worship services

all are welcome

All baptized Christians, no matter age or denomination, are welcome to receive communion at Saint Stephen's.  We as Episcopalians invite all baptized people to receive Communion.   We extend this invitation not because we take the Eucharist lightly, but because we take our baptism so seriously.   Come join us.



Sunday 8:00AM

Holy Eucharist, Rite II, No Music

 The service last about 45 minutes and includes readings from Holy Scripture, a sermon by the Rector, and the Sacrament of Holy Eucharist. 

sunday 10:00AM

Cloral Eucharist, Rite II

 The service includes music with traditional hymns and lasts about an hour.  The service includes readings from Holy Scripture, a sermon by the Rector, and the Sacrament of Holy Eucharist.  There is always a gathering for coffee, tea and snacks after church.  

On the 1st Sunday of the month the Order of St. Luke offers individual healing prayer. 

Saturday 5:00PM Garden Chapel

Holy Eucharist, Rite II.  From late Spring to Early Fall it is held in the Garden Chapel.  The service is informal and last about 45 minutes.

Wednesday 6:30 PM

Holy Eucharist, Rite II, No Music

Friday 9:00AM

Holy Eucharist, Rite II, No Music


Tuesday 9:00AM

Morning Prayer

Special Worship Occasions

Christmas Eve

Ash Wednesday

Maundy Thursday

Easter Vigil

Good Friday

Stations of the Cross

newcomer Frequently Asked Questions

Additional Information

What is an Episcopalian?

 A person who belongs to the Episcopal Church is called an “Episcopalian.” The word “Episcopal” means a church governed by bishops. We call our local churches “parishes,” which are governed by an elected “vestry” of ordinary people who help lead the church and make important day-to-day decisions. The pastor of an Episcopal church is usually called a “priest.” In the Episcopal Church, priests are allowed to marry and women may also serve as priests. 


Do you have to be an Episcopalian to go to an Episcopal Church?

No.  All people are welcome regardless of background. Many of our members come to us from other faith traditions or Christian communities, or without a faith background of any kind. In the Episcopal Church, you can find a community of people united by their faith in God and eagerness to serve others. 


What’s an Episcopal Church service like?

The Episcopal Church worships in the “liturgical style,” which means all Episcopal churches follow a relatively common order of service. Being with a community of believers inspires us, nurtures us, encourages us, and comforts us.  Scripture and the Eucharist (Holy Communion) are the foundations of our worship.  The service follows an order found in our worship book called the Book of Common Prayer; however, a service leaflet is distributed every Sunday to help you follow along. Our Sunday services throughout the year usually include an opening procession, singing, Bible readings, prayers for ourselves and others, time for meditation, a sermon, and Communion (Holy Eucharist) where we share bread and wine in remembrance of Jesus Christ and the Last Supper.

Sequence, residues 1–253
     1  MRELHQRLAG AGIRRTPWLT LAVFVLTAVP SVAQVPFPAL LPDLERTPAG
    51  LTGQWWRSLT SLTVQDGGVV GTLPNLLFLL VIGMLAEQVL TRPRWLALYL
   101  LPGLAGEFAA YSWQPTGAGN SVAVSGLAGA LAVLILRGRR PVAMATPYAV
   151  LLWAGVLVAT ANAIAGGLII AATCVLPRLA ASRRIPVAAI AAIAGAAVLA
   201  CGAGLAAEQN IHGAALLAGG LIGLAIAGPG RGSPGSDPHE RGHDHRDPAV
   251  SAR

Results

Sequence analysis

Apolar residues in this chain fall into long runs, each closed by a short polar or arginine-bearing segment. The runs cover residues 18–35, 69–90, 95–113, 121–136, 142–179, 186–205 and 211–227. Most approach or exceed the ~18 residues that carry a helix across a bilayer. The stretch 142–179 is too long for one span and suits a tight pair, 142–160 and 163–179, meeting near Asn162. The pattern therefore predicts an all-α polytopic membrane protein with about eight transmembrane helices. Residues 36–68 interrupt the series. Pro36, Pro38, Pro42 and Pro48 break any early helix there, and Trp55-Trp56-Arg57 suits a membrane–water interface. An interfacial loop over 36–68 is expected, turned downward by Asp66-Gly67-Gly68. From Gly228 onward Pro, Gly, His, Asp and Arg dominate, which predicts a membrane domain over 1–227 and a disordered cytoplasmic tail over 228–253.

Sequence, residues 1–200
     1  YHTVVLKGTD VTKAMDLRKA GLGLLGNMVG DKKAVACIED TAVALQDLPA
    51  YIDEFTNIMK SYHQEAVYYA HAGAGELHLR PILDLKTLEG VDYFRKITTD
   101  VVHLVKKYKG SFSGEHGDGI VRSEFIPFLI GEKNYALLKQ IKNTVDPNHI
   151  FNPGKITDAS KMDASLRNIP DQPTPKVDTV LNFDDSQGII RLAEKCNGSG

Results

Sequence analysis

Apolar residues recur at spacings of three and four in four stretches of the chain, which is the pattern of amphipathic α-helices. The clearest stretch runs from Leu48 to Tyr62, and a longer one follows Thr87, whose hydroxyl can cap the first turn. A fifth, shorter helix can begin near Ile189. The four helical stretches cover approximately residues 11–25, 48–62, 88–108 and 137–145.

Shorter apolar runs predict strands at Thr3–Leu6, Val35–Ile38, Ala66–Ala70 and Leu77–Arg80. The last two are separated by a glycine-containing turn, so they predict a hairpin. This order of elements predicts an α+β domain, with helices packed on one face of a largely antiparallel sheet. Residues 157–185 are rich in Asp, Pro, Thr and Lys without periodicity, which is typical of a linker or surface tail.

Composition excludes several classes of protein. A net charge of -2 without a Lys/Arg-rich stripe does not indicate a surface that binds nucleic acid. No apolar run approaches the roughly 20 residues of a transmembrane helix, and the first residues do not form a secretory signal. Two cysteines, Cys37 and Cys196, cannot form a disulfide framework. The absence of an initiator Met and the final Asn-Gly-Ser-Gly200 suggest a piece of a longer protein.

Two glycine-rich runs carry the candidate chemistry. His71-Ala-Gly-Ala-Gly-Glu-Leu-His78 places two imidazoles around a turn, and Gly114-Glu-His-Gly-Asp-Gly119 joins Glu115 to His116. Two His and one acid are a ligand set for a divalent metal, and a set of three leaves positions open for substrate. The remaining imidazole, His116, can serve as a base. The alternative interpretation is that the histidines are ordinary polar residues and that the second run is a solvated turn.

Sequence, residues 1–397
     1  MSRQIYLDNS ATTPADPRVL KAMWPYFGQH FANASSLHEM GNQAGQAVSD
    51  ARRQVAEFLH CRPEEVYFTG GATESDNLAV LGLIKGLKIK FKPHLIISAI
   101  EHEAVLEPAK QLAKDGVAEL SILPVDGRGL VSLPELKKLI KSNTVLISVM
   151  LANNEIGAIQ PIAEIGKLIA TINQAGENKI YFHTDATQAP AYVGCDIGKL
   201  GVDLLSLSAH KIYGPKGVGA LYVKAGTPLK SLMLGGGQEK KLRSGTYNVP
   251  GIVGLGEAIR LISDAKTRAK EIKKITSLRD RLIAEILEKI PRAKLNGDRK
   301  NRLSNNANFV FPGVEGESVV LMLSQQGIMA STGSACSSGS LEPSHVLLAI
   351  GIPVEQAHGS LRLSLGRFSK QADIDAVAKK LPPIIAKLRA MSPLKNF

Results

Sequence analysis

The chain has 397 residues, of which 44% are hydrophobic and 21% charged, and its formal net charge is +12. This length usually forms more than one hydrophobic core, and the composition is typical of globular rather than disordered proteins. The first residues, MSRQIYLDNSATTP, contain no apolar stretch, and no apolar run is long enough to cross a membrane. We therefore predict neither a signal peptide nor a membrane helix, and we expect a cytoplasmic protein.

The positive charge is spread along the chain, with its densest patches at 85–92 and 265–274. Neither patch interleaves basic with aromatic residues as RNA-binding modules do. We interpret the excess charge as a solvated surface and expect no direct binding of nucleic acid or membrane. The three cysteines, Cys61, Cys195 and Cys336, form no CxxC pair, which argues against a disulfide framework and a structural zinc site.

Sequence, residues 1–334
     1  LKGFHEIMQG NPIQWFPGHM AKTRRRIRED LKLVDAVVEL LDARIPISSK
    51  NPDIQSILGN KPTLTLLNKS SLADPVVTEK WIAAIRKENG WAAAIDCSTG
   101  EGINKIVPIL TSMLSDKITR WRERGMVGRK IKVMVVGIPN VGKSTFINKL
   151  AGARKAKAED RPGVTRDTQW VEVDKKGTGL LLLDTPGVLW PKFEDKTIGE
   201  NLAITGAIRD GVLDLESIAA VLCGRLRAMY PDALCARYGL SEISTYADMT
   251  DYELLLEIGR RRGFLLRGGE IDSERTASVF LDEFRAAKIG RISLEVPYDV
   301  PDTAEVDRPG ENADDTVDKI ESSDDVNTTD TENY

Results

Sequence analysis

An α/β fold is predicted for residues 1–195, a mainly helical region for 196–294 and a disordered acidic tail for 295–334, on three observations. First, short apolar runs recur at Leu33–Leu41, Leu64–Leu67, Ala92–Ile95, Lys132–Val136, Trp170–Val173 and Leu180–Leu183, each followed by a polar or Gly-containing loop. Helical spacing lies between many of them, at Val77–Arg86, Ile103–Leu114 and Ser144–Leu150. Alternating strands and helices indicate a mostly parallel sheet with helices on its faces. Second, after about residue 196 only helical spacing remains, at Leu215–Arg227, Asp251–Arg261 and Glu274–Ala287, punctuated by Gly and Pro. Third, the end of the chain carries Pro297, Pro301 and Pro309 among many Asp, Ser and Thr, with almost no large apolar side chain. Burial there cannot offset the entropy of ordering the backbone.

We use two central texts during our services, which are supplied in the pews:
1. The Book of Common Prayer (contains calendar of Church year, order of Bible readings, orders of services, and some of the most beautiful prayers ever written)
2. The Hymnal


What if I don’t know what to do during a service?

Don’t worry. You won’t be embarrassed or singled out. At St. Stephen's, as with most Episcopal churches, we provide a “service bulletin” during each Sunday service. It guides you through the service and provides basic instructions for participation.  Once you’ve been to a few services, it will seem like second nature to you. The Book of Common Prayer can also serve as a guide to our Sunday worship service (sometimes called our “liturgy”), as well as a wide range of other services for everything from baptism to funerals.

How do I know when to stand or kneel?

Often the officiant of the service will offer direction to stand, sit or kneel.  Most newcomers just follow what others are doing.  


Will the clergy or anyone else in authority tell me how to think, how to act, or how to vote?

Absolutely not. In the Episcopal Church, we know that every journey toward God is unique and highly personal. You won’t be forced to think a certain way or “get in line” with everyone else. In fact, you’re welcome to bring your questions, doubts, hopes and dreams with you. There’s a good reason why the Episcopal tradition is sometimes called “the thinking person’s church.” You’ll be encouraged to think for yourself and seek guidance from God through prayer, worship, meditation, reading and any other method that works for you. Each one of us is precious to God and we all find God in different ways.